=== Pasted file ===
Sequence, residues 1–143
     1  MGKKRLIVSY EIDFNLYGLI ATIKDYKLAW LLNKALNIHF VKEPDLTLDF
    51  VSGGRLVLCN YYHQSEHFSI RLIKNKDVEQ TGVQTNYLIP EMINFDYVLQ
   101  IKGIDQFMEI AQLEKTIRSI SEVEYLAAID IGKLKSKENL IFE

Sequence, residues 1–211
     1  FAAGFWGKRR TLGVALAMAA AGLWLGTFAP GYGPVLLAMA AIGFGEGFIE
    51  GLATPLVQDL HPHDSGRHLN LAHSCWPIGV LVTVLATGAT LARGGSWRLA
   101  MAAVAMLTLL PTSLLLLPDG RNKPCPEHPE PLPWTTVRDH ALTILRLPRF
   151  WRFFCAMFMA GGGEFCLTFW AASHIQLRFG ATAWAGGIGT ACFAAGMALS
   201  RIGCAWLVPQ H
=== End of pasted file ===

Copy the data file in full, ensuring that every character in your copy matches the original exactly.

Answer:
Sequence, residues 1–143
     1  MGKKRLIVSY EIDFNLYGLI ATIKDYKLAW LLNKALNIHF VKEPDLTLDF
    51  VSGGRLVLCN YYHQSEHFSI RLIKNKDVEQ TGVQTNYLIP EMINFDYVLQ
   101  IKGIDQFMEI AQLEKTIRSI SEVEYLAAID IGKLKSKENL IFE

Sequence, residues 1–211
     1  FAAGFWGKRR TLGVALAMAA AGLWLGTFAP GYGPVLLAMA AIGFGEGFIE
    51  GLATPLVQDL HPHDSGRHLN LAHSCWPIGV LVTVLATGAT LARGGSWRLA
   101  MAAVAMLTLL PTSLLLLPDG RNKPCPEHPE PLPWTTVRDH ALTILRLPRF
   151  WRFFCAMFMA GGGEFCLTFW AASHIQLRFG ATAWAGGIGT ACFAAGMALS
   201  RIGCAWLVPQ H